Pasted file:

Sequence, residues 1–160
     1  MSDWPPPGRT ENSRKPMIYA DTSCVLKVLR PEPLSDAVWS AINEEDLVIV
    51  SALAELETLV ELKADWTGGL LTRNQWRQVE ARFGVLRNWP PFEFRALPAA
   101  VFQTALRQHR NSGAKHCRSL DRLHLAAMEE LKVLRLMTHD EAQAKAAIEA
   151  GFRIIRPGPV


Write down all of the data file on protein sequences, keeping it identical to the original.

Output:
Sequence, residues 1–160
     1  MSDWPPPGRT ENSRKPMIYA DTSCVLKVLR PEPLSDAVWS AINEEDLVIV
    51  SALAELETLV ELKADWTGGL LTRNQWRQVE ARFGVLRNWP PFEFRALPAA
   101  VFQTALRQHR NSGAKHCRSL DRLHLAAMEE LKVLRLMTHD EAQAKAAIEA
   151  GFRIIRPGPV